This was not a perfect show, but it was the perfect show. It was a celebration of the serendipitous meeting of these four musical masterminds, their grassroots evolution from a local bar band into an iconic pop culture phenomenon, and how their music has brought us so much joy over the years.

The first set was a fairly standard first set for these days, but there were some highlights. Bathtub Gin wasted no time going straight to the stratosphere, with some emotional and rocking soloing from Trey. It was the true opener for me, as My Soul is a people-are-still-filing-in sort of tune. Pebbles and Marbles is a personal favorite, though I wish they would slow it down just a few clicks. I don't need it to go into a huge jam, though I certainly wouldn't complain if it did, but the intricate arrangement would benefit from a slightly slower tempo a la the Round Room version. Nitpicking aside, I loved watching Fish during this song. He is a master of technique, his arms gracefully floating over the drums and cymbals as he plays, making even the most complex patterns look and sound effortless. As Trey remarked in the Specimens of Beauty short film, if he were at a Phish show, he would be watching Fish. As a drummer myself, I can say without hesitation that he is a master of the instrument.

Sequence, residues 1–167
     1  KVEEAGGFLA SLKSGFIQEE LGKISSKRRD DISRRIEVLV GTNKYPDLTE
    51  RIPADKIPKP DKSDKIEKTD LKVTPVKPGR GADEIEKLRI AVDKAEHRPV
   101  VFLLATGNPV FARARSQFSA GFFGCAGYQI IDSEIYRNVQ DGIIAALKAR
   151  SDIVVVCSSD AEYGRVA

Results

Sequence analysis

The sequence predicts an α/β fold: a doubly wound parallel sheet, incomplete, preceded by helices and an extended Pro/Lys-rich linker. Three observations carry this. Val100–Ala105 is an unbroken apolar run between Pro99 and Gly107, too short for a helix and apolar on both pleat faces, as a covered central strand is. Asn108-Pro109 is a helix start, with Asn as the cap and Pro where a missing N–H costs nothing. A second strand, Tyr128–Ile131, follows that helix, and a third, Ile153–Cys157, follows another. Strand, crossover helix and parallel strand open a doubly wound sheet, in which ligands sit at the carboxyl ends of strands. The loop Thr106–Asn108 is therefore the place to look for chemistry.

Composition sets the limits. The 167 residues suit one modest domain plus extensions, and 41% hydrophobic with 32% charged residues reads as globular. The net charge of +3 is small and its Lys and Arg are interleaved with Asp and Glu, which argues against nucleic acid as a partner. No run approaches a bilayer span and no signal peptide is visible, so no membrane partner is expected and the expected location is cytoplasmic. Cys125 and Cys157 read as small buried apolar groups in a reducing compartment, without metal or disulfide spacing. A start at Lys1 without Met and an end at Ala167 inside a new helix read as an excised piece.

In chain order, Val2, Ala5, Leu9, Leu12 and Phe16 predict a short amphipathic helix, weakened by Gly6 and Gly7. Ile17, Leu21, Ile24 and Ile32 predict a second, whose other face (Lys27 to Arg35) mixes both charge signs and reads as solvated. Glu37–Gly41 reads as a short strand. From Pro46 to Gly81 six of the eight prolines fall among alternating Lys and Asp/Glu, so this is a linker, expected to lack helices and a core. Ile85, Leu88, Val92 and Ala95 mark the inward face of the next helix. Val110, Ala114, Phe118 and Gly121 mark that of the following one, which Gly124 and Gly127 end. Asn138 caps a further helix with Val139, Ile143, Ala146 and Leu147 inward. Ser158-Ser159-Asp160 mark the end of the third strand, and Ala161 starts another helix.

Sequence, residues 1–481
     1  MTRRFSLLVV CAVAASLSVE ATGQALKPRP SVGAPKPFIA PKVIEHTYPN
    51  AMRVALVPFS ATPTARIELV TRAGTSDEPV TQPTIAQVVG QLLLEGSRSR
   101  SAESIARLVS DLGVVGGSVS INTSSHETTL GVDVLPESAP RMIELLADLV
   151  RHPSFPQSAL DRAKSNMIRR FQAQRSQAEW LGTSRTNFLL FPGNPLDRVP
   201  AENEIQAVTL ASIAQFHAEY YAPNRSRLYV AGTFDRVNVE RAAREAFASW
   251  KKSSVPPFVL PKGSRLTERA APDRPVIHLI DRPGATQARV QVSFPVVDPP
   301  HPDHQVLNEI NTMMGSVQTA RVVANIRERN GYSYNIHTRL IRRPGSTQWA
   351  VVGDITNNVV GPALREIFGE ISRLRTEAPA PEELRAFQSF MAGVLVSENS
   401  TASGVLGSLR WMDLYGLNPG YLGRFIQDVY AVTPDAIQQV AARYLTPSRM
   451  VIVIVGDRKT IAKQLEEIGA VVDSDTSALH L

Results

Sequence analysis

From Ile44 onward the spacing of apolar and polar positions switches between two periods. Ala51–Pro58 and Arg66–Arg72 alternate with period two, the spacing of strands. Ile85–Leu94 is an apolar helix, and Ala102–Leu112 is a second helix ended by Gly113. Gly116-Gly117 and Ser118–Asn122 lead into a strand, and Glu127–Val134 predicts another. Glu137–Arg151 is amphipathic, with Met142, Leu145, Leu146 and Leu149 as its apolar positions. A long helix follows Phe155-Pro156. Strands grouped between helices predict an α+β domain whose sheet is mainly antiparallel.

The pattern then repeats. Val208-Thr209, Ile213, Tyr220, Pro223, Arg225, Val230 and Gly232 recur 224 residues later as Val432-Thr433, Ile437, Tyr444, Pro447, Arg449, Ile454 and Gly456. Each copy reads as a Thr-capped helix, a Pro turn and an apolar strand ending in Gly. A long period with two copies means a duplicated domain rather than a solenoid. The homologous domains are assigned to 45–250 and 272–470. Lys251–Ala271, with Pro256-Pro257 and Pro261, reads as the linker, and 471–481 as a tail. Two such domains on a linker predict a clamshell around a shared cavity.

Vultures was another nice surprise, even if the curse of the "woo" still hangs over every song or jam with a rest. Here the rests serve as a rhythmic playground for Fish, and the crotchety old man in me wishes the damn kids would hush and listen to the man in the donut frock lay it down on the drums. Oh, and get off my lawn.

Fast Enough For You was beautiful as always, another personal favorite, but the must-hear jam from this set was Gumbo. The first jammed-out version I think since 2003, it got very funky and even toyed with a segue into Boogie On Reggae Woman. Trey kept things very tasteful and rhythmic, allowing the deep funk to develop without feeling hurried. Taste was sloppily played, with Trey getting ahead of the rest of the band and having to be reset by Fish, but I think it was sheer excitement that caused Trey to speed up. Taste is also a very rhythmically complex piece, and the band was locked in and relaxed by the time Fish's vocal came around.

The set seemed unsure of when or how it would end, with the last few songs seemingly picked at random, but they were having so much fun on stage that I didn't mind at all. A very playful rendition of Halfway To The Moon preceded a rocking Suzy Greenberg, an exquisite double feature for Page. Beautiful singing and soloing in the former, nasty key-pounding in the latter. He's the guy who talks to the crowd now, a confidence which extends to his magnificent solos as of late.